An Analysis of urban housing market and housing problem in Turkey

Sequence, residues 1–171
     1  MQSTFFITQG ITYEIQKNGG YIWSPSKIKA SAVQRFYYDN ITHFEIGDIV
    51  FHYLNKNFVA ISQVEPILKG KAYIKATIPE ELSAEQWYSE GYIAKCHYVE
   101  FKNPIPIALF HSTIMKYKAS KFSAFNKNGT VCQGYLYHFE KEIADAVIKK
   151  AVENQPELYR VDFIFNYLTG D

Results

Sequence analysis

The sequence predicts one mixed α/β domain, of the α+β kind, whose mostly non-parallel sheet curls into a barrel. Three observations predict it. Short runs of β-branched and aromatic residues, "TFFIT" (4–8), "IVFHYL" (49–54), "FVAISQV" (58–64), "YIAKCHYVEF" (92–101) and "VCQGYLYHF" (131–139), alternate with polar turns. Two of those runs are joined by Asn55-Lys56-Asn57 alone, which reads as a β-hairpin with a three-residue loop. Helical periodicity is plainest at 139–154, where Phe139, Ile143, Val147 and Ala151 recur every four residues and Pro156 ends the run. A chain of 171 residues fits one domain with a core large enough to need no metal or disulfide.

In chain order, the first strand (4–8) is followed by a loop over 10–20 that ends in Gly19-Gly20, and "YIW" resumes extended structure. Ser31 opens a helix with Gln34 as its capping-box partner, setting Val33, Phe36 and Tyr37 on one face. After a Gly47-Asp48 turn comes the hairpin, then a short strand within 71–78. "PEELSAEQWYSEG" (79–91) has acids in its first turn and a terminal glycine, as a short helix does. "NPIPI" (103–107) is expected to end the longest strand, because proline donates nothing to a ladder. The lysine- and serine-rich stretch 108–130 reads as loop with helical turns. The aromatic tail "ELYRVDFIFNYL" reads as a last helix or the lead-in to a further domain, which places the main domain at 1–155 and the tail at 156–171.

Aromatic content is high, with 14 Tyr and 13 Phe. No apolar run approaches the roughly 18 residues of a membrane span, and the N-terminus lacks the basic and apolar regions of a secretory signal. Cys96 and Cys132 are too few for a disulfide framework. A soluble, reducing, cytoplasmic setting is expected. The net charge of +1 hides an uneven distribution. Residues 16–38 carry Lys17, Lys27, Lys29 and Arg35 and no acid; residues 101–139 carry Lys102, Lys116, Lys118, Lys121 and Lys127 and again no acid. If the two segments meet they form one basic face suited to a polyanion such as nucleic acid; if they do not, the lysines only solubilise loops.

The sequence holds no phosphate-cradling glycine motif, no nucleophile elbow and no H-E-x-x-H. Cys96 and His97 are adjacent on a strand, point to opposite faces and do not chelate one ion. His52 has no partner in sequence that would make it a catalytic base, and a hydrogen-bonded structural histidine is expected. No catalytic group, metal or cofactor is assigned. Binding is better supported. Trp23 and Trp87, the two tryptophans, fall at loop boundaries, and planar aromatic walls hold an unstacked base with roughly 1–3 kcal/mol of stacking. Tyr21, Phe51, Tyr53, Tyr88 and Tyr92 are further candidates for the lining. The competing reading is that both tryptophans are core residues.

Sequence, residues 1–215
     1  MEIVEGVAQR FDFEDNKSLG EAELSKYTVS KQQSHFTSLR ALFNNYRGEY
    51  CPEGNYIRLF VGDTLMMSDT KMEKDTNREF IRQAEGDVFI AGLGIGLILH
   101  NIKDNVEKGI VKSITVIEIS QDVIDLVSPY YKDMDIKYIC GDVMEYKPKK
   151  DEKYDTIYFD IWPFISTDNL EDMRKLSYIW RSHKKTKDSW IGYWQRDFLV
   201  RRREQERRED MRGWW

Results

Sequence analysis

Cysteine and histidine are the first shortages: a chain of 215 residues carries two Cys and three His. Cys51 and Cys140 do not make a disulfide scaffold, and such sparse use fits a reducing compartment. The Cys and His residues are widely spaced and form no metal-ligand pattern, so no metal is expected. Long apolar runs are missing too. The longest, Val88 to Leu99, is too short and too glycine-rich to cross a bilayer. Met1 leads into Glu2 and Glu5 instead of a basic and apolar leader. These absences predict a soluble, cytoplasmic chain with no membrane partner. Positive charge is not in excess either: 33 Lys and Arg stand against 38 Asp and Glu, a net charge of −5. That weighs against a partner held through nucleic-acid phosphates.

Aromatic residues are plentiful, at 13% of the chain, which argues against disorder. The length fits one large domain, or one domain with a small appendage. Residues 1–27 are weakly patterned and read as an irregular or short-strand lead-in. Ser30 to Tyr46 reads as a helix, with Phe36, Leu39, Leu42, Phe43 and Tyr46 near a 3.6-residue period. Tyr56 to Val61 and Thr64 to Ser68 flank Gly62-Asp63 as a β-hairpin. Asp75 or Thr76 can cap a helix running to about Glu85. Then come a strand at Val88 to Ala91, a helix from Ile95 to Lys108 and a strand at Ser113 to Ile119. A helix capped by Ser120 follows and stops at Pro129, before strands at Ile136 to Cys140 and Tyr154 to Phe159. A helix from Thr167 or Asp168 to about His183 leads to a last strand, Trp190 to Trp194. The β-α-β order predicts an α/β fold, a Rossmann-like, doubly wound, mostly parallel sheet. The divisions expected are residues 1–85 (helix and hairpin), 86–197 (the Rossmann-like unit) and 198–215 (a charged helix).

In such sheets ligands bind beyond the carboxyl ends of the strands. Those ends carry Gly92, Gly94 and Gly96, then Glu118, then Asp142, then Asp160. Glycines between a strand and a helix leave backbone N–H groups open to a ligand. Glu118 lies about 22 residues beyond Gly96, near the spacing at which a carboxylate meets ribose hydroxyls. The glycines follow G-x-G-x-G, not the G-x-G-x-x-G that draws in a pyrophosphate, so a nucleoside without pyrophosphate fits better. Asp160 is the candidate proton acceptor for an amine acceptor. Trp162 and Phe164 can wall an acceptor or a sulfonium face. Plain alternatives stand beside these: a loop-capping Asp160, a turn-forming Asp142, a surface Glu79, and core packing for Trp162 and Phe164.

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121 SOTMAir A1B @m&IMSBMS Housing which can "be defined as a composite product resolving and reconciling all the diverse needs of its occupant differs from other commodities in many ways. First of all, it is both a capital good and a consumer product. It is bulky, immobile and fairly durable.lt requires heavy capital outlays in each production run. unlike, many other products, it is a heterogenous good. Its market represents a collection of sub-markets -which are composed of various income groups having different patterns of consumption. Fearfchermore, the market for housisg necessarily has local character because its product is fixed. la terms of demand, the most significant characteristic of housing is the difference between the need for housing and the demand for housing. f he demand for housing implies the amount of homsimg which the society can af f ord bfet the need. for housing; embraces the total requirement for shelter without consideration of wfeether or not families can pay for it. In a socie^r the need for housing is directly related to the 122 siz© of population and average family size.lhe demand, for housing, on the other hand, along with the size of population ana. average family, is determined by the levels and distribution of income ana prices of housing. !Ehe basic unit of: demand for housing is the family, fhe principal factors shaping a family * a demand for hqusing are family size and. household income »However, housing demand, of the family is als© affected Isj income expectations, cost and availability of financing, the distance of the dwelling to main employment areas, the quality of enviroment,and the cost and availability ©f public utilities in the neighborhood!. Housing supply, on the other side, is composed of existing housing stock and new housing construction. As it is difficult to acquire a higher level of housing supply in a short period of time due to the specific nature of housing, existing housing stock eompsoses a great proportion of housing supply. Since new housing construction makes marginal changes on housing stock every year, the ©efcivities of housing market often occur m thin the existing housing stoek.fhe aggregate supply of housing is related to the prices and quantities of land and. construction materials. In terms of supply, the most significant characteristic of housing is the high level of expenses Tihich should be repeated in each run of production. In the case of housing, as for other commodities, the market largely governs the quality, quantity, cost, price, and distribution of the product. Although there is usually a close relationship between prices of housing and costs of product! «pou price in housing market is a direct reflection of the interactions between demand andysupply.Eheoretically,a well- functioning market might be expected ta create ana maintain a 123 state of equilibrium which provides the sellers with cost, nıinimizatioa and profit maximization and the buyers mth utility maximization. However, the acfetel. functioning of the market falls short ©f this expectation because some imperfections which prevent the realization of perfect competition. Actually, perfect competition can not be realized in the ease of housing market because none of the basie assumptions of this model can be achieved. Firstly, housing; is not a homogenous commodity. Housing supply is very diverse in terms of size, quality, location, architectural type and design. Ivery unit of a country's housing stock may be suggested to be unique. likewise, the assumption of perfect knowledge of the sellers and buyers is missing in housing market because of the high cost of perfect knowledge. Si&ee the entire market for housing consists of a number of sub-markets and since it has local character due to the immobility of its commodity, for* a potential purchaser to explore the prices and equalities of all possible houses for sale at any time, even within a given area, involves him an impossibly large expenditure of time and money. Qfe the other side, a potential seller would also suffer if only chanoe could lead &$a&gmir to him. Furthermore, large volumes of capital outlays which have to be repeated in every production rum make the entry of new firms to the market quite difficult.For this reason, neither the assumption of freedom ©f entry nor the assumption of numerous telleo?® can be achieved in housing markets All of these factors prevent; the market for housing from reaching a competitive state and result in housing, defieit which is a common question of urban world, Developed and less developed countries, though they are worlds apart in wealth and technology, are both facing an urban housing problem. 124 problem is not particular to a few countries because entrepreneurs usually prom unable to shelter the population almost everywhere. Housing deficit gives rise to important economic and social problems. She deficit strongly influences the family budget because housing expend! tuiies are its second largest item.Housing deficit may alsa affect the success of economic policies of the governments adversely. fhe unsanitary and substandard living, conditions of squatters and slums,which are the results of Jhousing deficit, reduce the economic activity of their occupants. In addition, the s& settlements cause an increase in public expenditures. Squatters and slums, in general, lead to violence, increasing alienation, crime, air and water pollution. The main properties of these settlements are unemployment, poverty, venereal di©ease,high population m density and high rate of juvenile delinquency. As the deficit is inevitable due to the imperfections of housing market and as it opens way to> overwhelming econmic and social problems, government interference with the market is of vital importance. The main objective of government intervention is to> satisfy the housing requirements of the people. Howe ver, the methods of intervention might, differ according to the specific circumstances of the country. In Turkey, housing industry is very ijsp©:HWi£, Bousing occupies 80% of construction sector. The volume of employment of housing sector was estimated as 550.OOQ.The share of housing sector m&.s supposed to be 3.6# i® GHP and the share of housing investments in total investments was supposed to be 20% in the Bevel opment Plans. The existing housing stock in the country is estimated to be 4-5 million units including squatters -and other substandard dwellings. The existence of squatters, overcrowded, and substandard dwellings indicate the housing deficit, 125 Actually, housing deficit has been an important question for many decades in Turkey. There has always been a considerable difference between housing: supply and housing, need. T he inadequacy of annual housing supply in Turkey does not s%e® from tare insufficient level of resources allocated in this field.But it stems from some imperfections which are caused loj the sovereignty of private enterprise in housing sector. the adverse «f feet s created by the sovereignty of private enterprise meire accompanied by a set of additional factors such as high costs of urban land and construction materials, lopsided distribution of income, and high costs of" credit. Consequently, the gap between housing production and housing need has reached to a striking si ze. Hie authorities gave emphasis to housing problem in the Bevelopment Plans and Gonsitutions.But until the early 1980» s a serious housing policy could not be observed. The first Mass Housing Code was put into- effect in 1981 but it could, not be: appliedi because of financial reasons. The second Mass Housing Code mas proclaimed in 1984» This law: aimM to stimulate the recovery in construction sector and promised, financial support to> lower and middle income groups. However, in a period of three years the code did. not reaeh to the predicted targets because it ignored, some of the causes of housing problem and it included some? imperfect ions. The activities of th© fundi eouldt not embrace the target income groups beoamse credit ratios were not determined realistically. Hevertheless,Mass Housing Code can be interpreted as the initial step of a comprehensive housing poliey.fhe authorities should, improve an,d apply some other policies i»hieh should be -synchronized, mth housing policy. These policies should offer 12& efficient solutions to> the problems which are related to housing. Housing p&licy should be accompanied by the policies which can reduce the inequality in distribution of income, increase the amount of urban land available for housing production, and decrease the high costs of construction materials. In sum, housing problem can not be solved with piecemal attempt s.îhe solution of the problem invokes a rational housing policy which is based on a broader setting and which is designed, as a part of a mder social ana economic policy..anyway, the eradication of housing deficit seems to require consistent approaches and considerable efforts.